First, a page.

I've had a lot of comments recently about how people like my "frame in a frame" presentation, so I thought I'd document the (manual) process here for those who are interested.
I use The GIMP, but much of what is required will apply regardless of the application you are using, as long as it is capable of creating LAYERS. There is a GIMP Script-fu preset for the frames, probably converted from a similar preset for Photoshop, but the manual way works as well and is almost as quick once you have the steps in your head. So ... here we go!
Select your image and open it in your chosen editor. The translucent frame treatment is nice for isolating a subject but, like anything else, it should be used sparingly and in the right situations.
I'm going to use a nondescript shot of a pigeon as my example for this tutorial. It has a lot of distractions in the foreground (leaves, twigs, ciggy butt, etc). It also has lots of lines that take the viewer's eye out of frame. If I crop to remove the bulk of these problems, while trying to retain the same scale and form factor, I could lose the bird's tail on the right edge which is already slightly out of shot anyway. Instead I need to isolate my subject without losing its context.
Create 2 additional copies of your image by using the layer duplicate tool (circled), then rename the top 2 layers "Foreground" and "Mask" respectively. In GIMP that's achieved by right clicking each layer and choosing "Edit layer attributes". The foreground layer is going to be used as the subject layer in the final image and the mask layer is going to provide the translucent border treatment to the original background image. Remember, the layer duplicate tool may look slightly different, or be called something else, in your editing software but it will perform the same task.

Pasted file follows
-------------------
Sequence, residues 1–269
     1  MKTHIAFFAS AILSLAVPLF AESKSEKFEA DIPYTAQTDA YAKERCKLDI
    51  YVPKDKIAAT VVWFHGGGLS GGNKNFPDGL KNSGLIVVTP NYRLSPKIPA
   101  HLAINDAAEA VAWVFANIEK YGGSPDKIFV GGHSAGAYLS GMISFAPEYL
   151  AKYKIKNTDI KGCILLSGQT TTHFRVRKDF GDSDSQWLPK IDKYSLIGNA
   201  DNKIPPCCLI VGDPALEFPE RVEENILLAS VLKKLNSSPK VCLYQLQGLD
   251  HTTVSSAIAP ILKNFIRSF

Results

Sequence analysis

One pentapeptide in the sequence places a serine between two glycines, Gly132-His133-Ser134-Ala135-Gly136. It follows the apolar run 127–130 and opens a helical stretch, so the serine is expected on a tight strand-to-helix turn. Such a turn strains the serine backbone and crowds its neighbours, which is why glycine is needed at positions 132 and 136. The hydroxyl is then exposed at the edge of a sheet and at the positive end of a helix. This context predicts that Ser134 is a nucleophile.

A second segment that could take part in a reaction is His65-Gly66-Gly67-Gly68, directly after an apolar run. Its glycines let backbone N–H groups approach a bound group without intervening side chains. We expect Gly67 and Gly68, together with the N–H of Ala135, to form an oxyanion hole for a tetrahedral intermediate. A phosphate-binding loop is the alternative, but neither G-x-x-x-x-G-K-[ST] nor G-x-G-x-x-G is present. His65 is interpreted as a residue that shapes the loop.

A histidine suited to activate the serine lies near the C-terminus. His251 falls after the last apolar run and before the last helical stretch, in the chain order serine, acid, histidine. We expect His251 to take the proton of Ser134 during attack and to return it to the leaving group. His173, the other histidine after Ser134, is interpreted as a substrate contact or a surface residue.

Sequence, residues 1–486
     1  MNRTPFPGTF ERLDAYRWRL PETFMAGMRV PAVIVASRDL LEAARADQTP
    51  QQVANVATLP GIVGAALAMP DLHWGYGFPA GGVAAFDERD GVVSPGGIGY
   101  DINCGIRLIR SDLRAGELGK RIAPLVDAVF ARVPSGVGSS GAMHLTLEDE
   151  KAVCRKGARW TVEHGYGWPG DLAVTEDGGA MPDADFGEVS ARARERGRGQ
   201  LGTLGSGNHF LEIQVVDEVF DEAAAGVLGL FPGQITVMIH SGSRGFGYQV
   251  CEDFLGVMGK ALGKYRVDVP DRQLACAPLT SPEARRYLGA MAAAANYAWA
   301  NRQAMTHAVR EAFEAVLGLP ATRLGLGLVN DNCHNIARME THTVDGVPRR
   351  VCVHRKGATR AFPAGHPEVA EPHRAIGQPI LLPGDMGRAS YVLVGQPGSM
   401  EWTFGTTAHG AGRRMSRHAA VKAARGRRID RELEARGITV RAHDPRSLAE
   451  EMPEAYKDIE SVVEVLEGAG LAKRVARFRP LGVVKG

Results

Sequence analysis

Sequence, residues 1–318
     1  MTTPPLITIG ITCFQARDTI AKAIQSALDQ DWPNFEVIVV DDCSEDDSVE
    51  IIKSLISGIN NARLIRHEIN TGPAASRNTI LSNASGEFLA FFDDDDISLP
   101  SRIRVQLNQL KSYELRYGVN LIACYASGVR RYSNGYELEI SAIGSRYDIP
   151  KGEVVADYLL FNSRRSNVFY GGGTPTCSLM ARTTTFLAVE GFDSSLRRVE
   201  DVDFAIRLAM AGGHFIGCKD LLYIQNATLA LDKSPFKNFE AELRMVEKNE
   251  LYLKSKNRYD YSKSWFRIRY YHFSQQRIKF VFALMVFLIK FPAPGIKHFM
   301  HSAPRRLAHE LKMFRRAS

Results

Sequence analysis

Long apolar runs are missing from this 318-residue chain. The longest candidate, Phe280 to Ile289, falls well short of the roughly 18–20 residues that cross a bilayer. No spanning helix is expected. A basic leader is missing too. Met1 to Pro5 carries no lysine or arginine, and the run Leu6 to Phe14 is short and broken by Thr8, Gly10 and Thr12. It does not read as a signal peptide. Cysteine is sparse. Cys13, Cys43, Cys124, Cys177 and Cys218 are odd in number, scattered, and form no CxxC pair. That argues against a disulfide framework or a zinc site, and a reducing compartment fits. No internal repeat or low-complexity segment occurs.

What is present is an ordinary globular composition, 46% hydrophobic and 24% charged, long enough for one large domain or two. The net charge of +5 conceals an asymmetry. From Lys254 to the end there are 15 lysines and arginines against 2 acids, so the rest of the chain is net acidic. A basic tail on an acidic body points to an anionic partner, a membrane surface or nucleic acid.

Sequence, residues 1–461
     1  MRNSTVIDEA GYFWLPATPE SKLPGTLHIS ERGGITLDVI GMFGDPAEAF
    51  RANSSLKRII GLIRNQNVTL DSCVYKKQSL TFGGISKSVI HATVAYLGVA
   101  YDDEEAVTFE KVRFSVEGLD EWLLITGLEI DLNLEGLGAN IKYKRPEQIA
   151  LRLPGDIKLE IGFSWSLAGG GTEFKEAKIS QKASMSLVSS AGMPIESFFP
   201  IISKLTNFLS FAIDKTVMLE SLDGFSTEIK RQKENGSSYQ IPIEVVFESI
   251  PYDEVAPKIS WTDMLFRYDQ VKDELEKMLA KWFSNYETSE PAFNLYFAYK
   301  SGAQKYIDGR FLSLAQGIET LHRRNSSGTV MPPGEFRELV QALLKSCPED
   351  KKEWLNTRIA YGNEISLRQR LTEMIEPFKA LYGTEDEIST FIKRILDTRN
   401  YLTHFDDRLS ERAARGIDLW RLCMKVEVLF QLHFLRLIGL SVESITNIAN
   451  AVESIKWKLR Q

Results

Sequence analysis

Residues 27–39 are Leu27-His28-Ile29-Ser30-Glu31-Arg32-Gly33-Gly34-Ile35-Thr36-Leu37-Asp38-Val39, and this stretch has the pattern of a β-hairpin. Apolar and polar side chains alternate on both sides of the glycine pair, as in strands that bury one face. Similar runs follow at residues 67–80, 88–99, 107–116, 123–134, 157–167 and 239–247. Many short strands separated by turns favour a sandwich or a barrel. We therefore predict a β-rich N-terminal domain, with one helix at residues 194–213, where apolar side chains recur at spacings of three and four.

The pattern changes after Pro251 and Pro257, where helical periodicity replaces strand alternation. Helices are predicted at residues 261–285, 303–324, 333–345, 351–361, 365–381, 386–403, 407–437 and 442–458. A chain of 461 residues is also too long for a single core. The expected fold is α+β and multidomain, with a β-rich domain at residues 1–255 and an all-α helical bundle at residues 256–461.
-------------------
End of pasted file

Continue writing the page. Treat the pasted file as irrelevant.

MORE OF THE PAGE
Select the "Mask" layer by highlighting it and add a LAYER MASK to the layer; chose "white (full opacity)" fill option from the layer mask dialog box. When the mask appears in that layer, click the image in the "Mask" layer with your mouse pointer to select that and use the BUCKET FILL tool to fill the frame with black. Then use the opacity slider in the layers area to set the layer opacity to 50%. You should end up with something like this in the layers tool area.
Almost there. Click the "Foreground" layer with your mouse to make that the active layer, and use your selection tool to select the area you want for the main subject. Try to leave about 80 pixels on each edge for the underlying transparent frame. Then use Layer>Crop Layer to crop the foreground to your selection. You should see the transparent border come out from behind in the remaining area like this:
Phew! Made it! With the cropped "Foreground" layer still selected, choose Select > Border ... and set the selection to have a 3 pixel width border. Then use your flood fill tool to fill the selection border with black or another colour of your choice. That will give your subject layer a solid border to force the viewer's eye to remain mostly inside the inner frame while still allowing the viewer's brain to know that there are other parts outside that it doesn't need to be concerned with. The end result should look something like this: